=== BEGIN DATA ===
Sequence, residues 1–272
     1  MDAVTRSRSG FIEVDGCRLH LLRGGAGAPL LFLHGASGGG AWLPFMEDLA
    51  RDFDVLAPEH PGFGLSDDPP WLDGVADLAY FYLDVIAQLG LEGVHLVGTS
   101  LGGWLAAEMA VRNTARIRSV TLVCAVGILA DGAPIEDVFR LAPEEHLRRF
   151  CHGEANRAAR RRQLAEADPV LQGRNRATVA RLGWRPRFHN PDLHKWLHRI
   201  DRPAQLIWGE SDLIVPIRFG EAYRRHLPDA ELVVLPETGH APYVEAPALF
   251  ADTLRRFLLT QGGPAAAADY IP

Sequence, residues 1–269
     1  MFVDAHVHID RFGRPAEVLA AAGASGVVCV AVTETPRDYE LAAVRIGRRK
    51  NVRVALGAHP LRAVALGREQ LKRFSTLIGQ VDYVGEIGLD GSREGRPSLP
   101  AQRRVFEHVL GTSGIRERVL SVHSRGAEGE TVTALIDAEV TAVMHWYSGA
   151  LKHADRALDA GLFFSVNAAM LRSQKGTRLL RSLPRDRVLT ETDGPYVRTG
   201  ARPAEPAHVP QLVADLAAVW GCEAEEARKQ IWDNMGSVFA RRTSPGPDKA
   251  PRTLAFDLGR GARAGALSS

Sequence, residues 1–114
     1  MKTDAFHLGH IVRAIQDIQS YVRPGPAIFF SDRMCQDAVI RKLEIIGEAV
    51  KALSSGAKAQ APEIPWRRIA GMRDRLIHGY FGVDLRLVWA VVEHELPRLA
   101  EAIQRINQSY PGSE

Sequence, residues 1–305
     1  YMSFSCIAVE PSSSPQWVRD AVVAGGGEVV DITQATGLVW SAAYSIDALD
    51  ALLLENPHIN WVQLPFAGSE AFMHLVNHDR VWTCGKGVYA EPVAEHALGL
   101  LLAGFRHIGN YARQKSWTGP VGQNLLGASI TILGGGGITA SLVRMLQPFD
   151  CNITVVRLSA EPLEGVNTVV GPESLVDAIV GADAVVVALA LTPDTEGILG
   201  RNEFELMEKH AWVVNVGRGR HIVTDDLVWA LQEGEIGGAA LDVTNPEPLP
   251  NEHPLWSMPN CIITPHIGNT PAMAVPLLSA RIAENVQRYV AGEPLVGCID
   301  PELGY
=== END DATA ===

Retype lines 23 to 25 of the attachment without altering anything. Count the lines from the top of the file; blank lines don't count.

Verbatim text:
   151  CNITVVRLSA EPLEGVNTVV GPESLVDAIV GADAVVVALA LTPDTEGILG
   201  RNEFELMEKH AWVVNVGRGR HIVTDDLVWA LQEGEIGGAA LDVTNPEPLP
   251  NEHPLWSMPN CIITPHIGNT PAMAVPLLSA RIAENVQRYV AGEPLVGCID